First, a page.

The writer and literary critic Richard Ford argues that Chekhov's stories are "impenetrable for ordinary young people”, because they show us "mature feelings" and subtleties that is not easy apercibirse. According to this interpretation, supported by many other authors, is required to have tasted feelings like loneliness, resignation or despair, to identify and to understand all the melancholy locked in Chekhov's stories, because they are full of "experience life ".
According to the proponents of these theories, Chekhov would have accumulated all this knowledge about the human condition through the practice of medicine, which allowed him to keep dealing with people from all walks elderly, peasants, poor people.
I guess this is so, and although I have greatly enjoyed reading in a recent phase of my youth, I agree that the reading of his works at an older age may be able to make me appreciate other nuances of his stories now surely I will have overlooked. To develop this work on Anton Chekhov, I chose to focus on one of his most famous stories, The Lady with the Dog. Besides being possibly the best known, I think one of the most characteristic stories by Russian author, therefore chosen as the theme for its narrative style and, above all, by Chekhov technical resources applied to it (Levitt, pp. 157-60).
Chekhov defined as "the master of the story that has no plot”. Without going so far, what we can say is that Chekhov told stories that may seem ordinary or bland, but does so with such skill that gets to wonder at his way of describing everyday situations and feelings.
The Lady with the Dog is a good example of this feature Chekhovian. It's a story that contains no special, the characters are neither heroes nor villains, but people with a current existence, it would seem even boring. The main plot elements of this love story could be sex, adultery, or the outcome of the story and far from exploiting its drama, which makes Chekhov is very toes pass on these issues, lingering apparently insignificant details, yet eventually form the best possible description of the environments in which the characters move, and the real feelings of these.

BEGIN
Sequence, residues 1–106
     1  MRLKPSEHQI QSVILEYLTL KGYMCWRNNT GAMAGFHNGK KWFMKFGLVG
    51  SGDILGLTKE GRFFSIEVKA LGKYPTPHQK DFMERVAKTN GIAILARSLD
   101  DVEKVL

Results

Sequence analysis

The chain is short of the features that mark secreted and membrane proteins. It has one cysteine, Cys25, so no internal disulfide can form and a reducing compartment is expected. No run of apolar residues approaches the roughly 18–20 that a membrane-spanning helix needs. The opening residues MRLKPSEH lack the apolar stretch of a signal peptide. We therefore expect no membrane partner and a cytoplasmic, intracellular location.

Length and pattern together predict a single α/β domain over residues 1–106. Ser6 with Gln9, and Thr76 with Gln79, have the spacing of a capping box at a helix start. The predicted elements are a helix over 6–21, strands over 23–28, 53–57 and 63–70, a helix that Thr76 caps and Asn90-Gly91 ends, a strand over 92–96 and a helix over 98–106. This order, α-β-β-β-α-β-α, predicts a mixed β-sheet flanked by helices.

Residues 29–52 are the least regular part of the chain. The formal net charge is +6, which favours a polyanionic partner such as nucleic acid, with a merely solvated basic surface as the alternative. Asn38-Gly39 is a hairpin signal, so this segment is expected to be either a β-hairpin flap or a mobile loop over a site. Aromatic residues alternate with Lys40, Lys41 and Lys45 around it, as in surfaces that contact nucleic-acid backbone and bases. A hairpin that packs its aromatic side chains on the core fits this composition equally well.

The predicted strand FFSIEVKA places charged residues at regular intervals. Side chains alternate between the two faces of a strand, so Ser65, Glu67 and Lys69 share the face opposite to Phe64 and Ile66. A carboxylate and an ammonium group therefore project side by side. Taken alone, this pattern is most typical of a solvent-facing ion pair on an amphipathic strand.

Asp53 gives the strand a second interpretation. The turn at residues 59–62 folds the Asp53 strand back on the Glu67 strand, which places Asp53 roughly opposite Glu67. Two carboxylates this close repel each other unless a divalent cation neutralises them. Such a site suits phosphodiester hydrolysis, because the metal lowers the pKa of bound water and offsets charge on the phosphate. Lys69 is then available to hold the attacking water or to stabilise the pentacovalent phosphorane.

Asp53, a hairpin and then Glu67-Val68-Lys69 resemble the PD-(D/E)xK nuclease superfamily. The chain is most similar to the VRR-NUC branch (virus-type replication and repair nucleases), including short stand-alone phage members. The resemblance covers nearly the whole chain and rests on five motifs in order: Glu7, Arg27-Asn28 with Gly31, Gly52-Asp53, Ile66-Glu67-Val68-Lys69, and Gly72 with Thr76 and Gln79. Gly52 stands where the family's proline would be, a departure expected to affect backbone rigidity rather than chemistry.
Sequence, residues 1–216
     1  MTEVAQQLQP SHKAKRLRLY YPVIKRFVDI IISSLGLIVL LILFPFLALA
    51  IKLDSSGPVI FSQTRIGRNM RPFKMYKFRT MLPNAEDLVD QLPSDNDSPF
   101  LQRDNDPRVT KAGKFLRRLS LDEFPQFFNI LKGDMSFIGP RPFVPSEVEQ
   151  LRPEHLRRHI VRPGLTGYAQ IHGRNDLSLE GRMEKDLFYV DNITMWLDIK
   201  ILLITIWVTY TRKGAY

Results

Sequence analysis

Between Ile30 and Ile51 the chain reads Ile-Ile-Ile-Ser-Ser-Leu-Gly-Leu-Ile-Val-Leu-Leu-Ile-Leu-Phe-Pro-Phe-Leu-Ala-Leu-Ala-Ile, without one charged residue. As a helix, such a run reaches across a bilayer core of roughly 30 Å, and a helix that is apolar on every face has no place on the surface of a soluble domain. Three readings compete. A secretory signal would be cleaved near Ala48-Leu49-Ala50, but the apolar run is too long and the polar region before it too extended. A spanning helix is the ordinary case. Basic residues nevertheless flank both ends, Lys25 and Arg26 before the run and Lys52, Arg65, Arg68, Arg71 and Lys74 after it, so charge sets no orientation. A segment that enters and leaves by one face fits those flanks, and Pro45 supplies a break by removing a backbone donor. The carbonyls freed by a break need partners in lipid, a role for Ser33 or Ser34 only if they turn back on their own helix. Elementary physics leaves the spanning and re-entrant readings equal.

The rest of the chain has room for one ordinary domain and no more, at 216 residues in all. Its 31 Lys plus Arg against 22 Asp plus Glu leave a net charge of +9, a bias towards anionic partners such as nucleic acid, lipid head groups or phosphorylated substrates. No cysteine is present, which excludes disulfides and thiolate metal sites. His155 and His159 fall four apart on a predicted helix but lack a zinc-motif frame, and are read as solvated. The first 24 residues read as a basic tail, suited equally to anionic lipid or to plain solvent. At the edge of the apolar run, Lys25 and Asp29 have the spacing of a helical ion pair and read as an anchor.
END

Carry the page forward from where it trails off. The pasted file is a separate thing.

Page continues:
Basically, The Lady with the Dog is a small essay on how the love between two people arises from a particular point of view while Chekhov had this feeling. For him, love is born from a kind of sadness or compassion for your loved one. For example, I find it revealing tenderized Chekhov description given by a young narrator of his story Beauties:
"That beauty gave me an odd feeling. It was neither ecstasy nor desire nor enjoys what Masha awoke in me but a painful but pleasant sadness. It was sadness vague and undefined as a dream. For some reason I felt sorry for myself, even the girl herself ... and had the impression that all had lost something important and essential in life that we would never find (Djikic, ...